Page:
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Dreams, Schemes And Prayer Wheels


Dreams, schemes and prayer wheels

Dharamsala, also known as Little Lhasa. It’s the place
Tibetan refugees dream of, and the home of the exiled Dalai Lama.

Clinging precariously to the Himalayan foothills, amid woods and waterfalls, is the once-tiny settlement of McLeod Ganj. Now the old British hill-station above the Indian town of Dharamsala is the sprawling home to around 20,000 Tibetan exiles. About a third of the way down the hill is the compound of the Tibetan Government-in-Exile.

As far as the Indian Government is concerned none of this exists. The Indian policy is, as one senior Tibetan official told me, to ‘keep one eye open and one eye closed’. India does not want to harm its relations with China. But it has also helped the Tibetans far more than any other country.

The first wish of all refugees arriving in Dharamsala is to see the Dalai Lama and receive his blessing. Then they concern themselves with the more mundane things, like food and shelter. Kalsang Yulgial, who runs the refugee reception centre, is a large friendly man who has a picture of the Dalai Lama meeting John Major hanging on his wall. I try not to hold this against him.

Kalsang’s job is not an easy one. The refugees arrive full of expectations. Many want to stay in McLeod Ganj and be near to the Dalai Lama. But the place is bursting at the seams. The Tibetan Children’s Village has 2,000 students – about twice as many as it should. There is room for only 120 people at the refugee reception centre. And the Indian Government is now putting pressure on Dharamsala not to accept any more refugees. The Dalai Lama would also like Tibetans to stay in Tibet. By leaving the country in droves they are playing into the hands of the Chinese, he says.

‘Some have just come for an audience with His Holiness or to visit their children in the school. That’s fine, they will go back to Tibet again afterwards. But with the others it’s more difficult. We have to explain the situation to them carefully,’ says Kalsang.

The authorities are now allowing people to stay for a year or so – during which time they receive teaching on Tibetan culture and identity. They are told that the best way they can contribute to Tibet’s struggle is to return.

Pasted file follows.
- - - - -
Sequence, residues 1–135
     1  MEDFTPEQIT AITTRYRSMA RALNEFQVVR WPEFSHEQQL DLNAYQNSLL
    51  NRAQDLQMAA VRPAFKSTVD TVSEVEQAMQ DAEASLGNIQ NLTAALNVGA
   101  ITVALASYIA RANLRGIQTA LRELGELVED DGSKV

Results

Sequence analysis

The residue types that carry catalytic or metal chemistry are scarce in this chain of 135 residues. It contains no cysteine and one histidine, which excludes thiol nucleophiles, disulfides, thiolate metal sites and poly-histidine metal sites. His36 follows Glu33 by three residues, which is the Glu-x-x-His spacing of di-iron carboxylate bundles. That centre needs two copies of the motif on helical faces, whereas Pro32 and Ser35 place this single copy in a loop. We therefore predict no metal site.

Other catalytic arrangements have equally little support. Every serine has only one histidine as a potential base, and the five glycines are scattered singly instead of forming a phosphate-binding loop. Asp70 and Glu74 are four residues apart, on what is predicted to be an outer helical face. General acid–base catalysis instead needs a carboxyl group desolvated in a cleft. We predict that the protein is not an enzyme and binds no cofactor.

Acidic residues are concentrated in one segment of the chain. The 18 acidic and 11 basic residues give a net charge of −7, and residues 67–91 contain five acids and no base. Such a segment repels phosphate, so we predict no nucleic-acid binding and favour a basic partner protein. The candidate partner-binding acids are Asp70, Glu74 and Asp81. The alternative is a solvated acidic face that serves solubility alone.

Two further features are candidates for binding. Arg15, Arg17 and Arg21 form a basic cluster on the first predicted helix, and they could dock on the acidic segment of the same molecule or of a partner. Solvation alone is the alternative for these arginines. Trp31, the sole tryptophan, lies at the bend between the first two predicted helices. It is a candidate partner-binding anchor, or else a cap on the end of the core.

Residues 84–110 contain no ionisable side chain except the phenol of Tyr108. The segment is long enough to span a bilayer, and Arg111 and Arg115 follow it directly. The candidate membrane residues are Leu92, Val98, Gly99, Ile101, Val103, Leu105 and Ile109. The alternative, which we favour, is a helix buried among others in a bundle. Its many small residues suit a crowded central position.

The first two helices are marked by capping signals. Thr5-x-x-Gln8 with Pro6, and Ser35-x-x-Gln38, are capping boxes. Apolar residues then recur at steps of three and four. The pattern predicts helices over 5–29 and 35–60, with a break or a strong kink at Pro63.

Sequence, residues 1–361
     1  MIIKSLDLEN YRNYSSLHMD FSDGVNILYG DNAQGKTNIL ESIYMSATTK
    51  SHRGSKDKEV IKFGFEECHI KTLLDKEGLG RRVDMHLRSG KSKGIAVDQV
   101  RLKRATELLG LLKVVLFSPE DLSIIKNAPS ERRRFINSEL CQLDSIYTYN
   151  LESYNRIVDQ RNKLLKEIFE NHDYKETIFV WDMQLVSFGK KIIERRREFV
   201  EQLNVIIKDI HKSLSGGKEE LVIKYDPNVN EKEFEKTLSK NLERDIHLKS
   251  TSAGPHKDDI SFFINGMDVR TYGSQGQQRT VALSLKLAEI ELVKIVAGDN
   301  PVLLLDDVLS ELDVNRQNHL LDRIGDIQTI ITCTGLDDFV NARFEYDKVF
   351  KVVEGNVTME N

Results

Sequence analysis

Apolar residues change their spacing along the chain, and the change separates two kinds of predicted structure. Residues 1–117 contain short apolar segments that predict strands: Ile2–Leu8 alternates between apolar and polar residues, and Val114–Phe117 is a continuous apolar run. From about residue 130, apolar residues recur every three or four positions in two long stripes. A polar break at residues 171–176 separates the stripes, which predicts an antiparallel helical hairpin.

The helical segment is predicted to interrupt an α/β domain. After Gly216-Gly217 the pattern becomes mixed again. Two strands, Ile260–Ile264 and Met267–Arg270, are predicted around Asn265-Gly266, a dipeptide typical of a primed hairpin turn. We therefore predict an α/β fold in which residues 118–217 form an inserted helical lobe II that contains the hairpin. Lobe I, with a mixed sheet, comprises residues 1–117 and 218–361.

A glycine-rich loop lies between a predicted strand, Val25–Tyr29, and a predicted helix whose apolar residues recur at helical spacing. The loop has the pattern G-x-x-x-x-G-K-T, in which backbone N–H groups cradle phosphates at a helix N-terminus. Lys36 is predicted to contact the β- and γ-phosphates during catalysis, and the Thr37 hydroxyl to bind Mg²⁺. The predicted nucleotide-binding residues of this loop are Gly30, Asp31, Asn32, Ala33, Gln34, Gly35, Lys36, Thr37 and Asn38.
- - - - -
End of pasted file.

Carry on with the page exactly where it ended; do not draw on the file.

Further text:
There is a certain logic in this. But don’t exiles who have made a hellish, life-risking journey, resent it when comfortably settled people in Dharamsala tell them they should go back?

‘The Dalai Lama talks to them and usually they understand. Nobody is ever returned by force and political prisoners and torture victims are automatically allowed to stay,’ says Kalsang.

Jamyang Senge, for example, could never return. For 15 years he was a political prisoner, for 10 years after that a slave. He starts by telling me, through an interpreter, that he has never been interviewed in this way before: ‘Sitting on a chair, facing you, answering your questions. I am more accustomed to answering questions on my knees, with my hands tied behind my back and with kicks to my head and body.’

He was a young man when taken prisoner by the Chinese. ‘They arrested me because my father and my brother were in the Four Rivers, Six Ranges resistance movement. I was kept in prison for 15 years from 1959 to 1974.

‘During interrogation I was beaten up and left without food. The Chinese would try to brainwash us. I was forced to denounce my faith in Buddhism and in the Dalai Lama. But this was lipservice – it did not come from the heart. His Holiness remained my main source of inspiration during these years. They always asked the same questions. After 15 years of this I was released from prison and forced to do unpaid labour. The labour camp was in Mynak near the border with China. There was never enough food. I survived by stealing whatever we were growing.

Finding safety and happiness at last. Ex-prisoners Jamyang Senge and Rinchen Dolma in Dharamsala.

‘When I was finally released, I was in bad shape. I was not able to sleep. My arms were very weak from being tied up so much of the time and having had so little food. A loud bang or a vehicle horn was enough to suddenly fill me with fear.

‘All I wanted to do was to leave Tibet. But my wife thought that if we tried to escape we would get caught. Then this summer we decided to go on a pilgrimage to Lhasa with our 13-year-old son. From there we went on to the sacred Mount Kailas. This took us quite close to the border and we joined a group of people who were planning to escape.’